Most U.S. citizens will never venture south to spend time with these images so let me take you along as I scout the margins of culture, my eye in my camera. Unless we get to know our neighbor’s cultural landscape, we are foreigners; “us and them,” unforgivable on this benevolent planet filled with Art and wildflowers.
Wildflowers along the border thrive in the poorest of soils. Tenuous but tough, they prove to be some of the most resilient species on the planet.
Like wildflowers, street art flourishes in the bleakest of conditions. Art by the people and for the people: Graffiti, one-off posters, pop-up installations… wild, spontaneous, renegade art mirroring culture’s political truths and spiritual yearnings.
Our instinct as human beings, our unstoppable drive to “make marks” leads one to wonder if indigenous rock art, petroglyphs, and pictographs, were, in fact, the visual wildflowers of the Ancients.
Symbols stenciled on rock faces and laid out in line, shape, and form on the earth itself, gave human beings a pictorial language, a way to communicate pre-dating the written word.
Long before and after our small band of border artists in Amado and Arivaca, AZ., laid down our tools, other artists from the Americas, alone and in groups, have gathered at the Arizona – Mexico wall. Magnetized by a collective ache in the soul, wielding brushes and spray cans like a warrior army of creativity, artists manage to surmount the border wall time and again.
I believe artists of the future will be less lauded for singular genius and more noted for collaborating with other artists (and non-artists) in collective work that fosters community.
If there is any upside at all to our current Administration’s political climate, it is that more people recognize how essential the role of Art is in uplifting hearts and minds. Artists carry a necessary role in inspiring, educating and healing the planet.
Outsider Art (who is the “outsider” here really?), like all natural phenomenon relegated to the margins, will always find its way to the center. Marginalized Imagery, walled away unseen and unimagined, eventually seizes the Commons with a new irrefutable language of the eye.
Unsigned and sometimes unschooled, created with no obvious economic incentive, and often scrawled furtively in the dark of night, Art on the margins carries a prescient message to the dominant culture. Fresh ‘Outsider’ – there’s that word again – perspective roots and spreads like weeds, takes over and becomes the norm.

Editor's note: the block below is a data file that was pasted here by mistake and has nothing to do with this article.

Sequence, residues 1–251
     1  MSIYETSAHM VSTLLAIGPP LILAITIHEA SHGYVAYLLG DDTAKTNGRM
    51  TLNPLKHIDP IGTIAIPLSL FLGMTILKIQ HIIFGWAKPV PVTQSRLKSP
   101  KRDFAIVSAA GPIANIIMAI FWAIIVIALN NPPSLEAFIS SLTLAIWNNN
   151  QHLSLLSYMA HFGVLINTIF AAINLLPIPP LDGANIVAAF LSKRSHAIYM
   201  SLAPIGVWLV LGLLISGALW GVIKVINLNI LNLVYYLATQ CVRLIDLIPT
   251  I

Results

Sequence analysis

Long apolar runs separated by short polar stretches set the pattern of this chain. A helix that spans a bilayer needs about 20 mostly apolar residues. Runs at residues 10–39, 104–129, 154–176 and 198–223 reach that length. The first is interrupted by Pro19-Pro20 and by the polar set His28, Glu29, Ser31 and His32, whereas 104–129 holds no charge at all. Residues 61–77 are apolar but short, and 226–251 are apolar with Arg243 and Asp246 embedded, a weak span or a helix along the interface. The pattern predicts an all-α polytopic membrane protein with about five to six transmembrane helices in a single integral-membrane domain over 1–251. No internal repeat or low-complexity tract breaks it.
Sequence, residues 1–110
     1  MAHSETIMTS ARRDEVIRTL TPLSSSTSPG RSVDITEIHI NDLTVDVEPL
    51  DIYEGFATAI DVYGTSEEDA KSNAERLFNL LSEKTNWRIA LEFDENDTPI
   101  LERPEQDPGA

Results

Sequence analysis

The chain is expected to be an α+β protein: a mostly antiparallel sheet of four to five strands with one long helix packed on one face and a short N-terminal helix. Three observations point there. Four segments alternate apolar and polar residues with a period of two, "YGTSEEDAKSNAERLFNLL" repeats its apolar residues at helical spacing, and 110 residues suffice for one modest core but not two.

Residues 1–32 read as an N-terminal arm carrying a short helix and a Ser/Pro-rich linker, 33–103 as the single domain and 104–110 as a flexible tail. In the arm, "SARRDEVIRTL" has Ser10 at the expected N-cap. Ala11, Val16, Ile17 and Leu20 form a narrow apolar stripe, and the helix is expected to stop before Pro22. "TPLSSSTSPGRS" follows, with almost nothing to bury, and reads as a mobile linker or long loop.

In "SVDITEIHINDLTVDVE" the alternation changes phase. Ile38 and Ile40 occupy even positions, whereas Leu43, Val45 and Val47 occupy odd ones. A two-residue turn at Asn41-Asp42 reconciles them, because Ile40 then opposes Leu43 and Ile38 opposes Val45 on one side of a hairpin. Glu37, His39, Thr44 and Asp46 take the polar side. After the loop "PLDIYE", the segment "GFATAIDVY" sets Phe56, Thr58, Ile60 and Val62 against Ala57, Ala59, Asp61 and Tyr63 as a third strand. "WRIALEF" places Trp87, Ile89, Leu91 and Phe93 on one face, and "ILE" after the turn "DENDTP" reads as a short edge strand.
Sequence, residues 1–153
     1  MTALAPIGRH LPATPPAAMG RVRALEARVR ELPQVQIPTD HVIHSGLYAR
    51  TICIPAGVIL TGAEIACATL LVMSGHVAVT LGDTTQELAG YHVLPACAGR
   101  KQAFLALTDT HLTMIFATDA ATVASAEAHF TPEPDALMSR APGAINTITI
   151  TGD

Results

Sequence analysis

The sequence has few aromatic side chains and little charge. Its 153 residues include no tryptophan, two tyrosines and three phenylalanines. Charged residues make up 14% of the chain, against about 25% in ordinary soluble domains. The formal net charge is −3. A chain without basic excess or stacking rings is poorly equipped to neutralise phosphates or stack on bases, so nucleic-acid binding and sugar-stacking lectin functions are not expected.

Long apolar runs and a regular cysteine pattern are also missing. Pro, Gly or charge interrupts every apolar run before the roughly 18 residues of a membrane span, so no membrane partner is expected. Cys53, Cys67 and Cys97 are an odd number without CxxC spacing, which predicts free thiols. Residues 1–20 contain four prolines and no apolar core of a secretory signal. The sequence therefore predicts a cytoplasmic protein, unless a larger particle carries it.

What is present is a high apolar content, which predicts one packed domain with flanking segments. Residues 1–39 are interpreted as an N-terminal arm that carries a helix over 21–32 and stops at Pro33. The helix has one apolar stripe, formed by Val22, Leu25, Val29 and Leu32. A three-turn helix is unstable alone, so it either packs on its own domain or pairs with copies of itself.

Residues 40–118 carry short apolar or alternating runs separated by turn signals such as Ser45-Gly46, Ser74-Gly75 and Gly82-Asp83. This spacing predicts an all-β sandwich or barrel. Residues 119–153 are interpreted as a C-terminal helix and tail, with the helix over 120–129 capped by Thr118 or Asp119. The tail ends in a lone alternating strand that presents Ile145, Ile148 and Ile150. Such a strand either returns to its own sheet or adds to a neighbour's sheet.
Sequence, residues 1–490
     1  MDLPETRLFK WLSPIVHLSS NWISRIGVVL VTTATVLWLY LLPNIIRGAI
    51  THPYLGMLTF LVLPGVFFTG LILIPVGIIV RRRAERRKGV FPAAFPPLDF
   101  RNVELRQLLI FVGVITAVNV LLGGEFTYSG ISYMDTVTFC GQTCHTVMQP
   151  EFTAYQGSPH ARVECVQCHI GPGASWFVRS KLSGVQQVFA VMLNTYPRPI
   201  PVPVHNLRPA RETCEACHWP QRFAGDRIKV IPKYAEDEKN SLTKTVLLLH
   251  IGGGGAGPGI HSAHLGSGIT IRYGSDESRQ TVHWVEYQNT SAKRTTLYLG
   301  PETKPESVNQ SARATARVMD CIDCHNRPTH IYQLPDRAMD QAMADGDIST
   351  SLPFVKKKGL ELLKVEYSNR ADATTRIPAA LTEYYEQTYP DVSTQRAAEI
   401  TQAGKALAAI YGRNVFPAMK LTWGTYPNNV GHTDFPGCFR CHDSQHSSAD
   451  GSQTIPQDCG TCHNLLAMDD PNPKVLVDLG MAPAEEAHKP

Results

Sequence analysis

Here and now in the Sonoran Desert in early summer, the wild white Southwestern Prickly Poppy takes over. I think of it as the flower of June.
All along the highways of Southeastern Arizona and Sonora, Mexico, and coming up through the cracks in the sidewalks, stands of Southwestern Prickly Poppy rise as high as four feet tall. Known locally as “Cowboy’s Fried Egg,” (Cardo or Chicalote in Spanish), the flower is as showy as it is prickly.
I think of another prominent summer flower, the Sacred Datura, as the flower of the monsoon season. As surely as the upward thrust of Sacred Datura and other desert wildflowers after the rains, Art of the people rises in response to the U.S.’s current anti-immigrant, anti-human regime especially here on the streets of border communities in Mexico.
I first saw the permanent ten-foot ft. high painting of 16-year-old Jose Antonio Elena Rodriguez, gunned down by U.S. Border Patrol, this Spring at Jose Antonio’s annual vigil in Nogales, Sonora, MX.
The frontal portrait, boldly executed in afterlife blue, mounted on steel and footed with rebar, was painted by a Tucson artist and donated to the family unsigned. Jose’s prominent and compelling face preserves history and guarantees that Jose Antonio will not soon be forgotten.
And in May, at the Mothers across Borders Unity Celebration held at the primary school nearby, we faced the border wall in front of us. Art executed by and for the people covered the wall’s concrete abutment. Eye level, it was all we could see.
The slatted 18 ft. high border wall loomed above us, jutting up from a concrete reinforced bank, itself 20 ft. high in some places. An alien thing, the metallic snake of a wall undulates up and over the hills of Nogales, disappearing over the horizon.
On the wall of a storefront between the primary school and the spot Jose Antonio was killed, you can still stick your finger in the holes in the plaster left by the bullets that cut that boy down.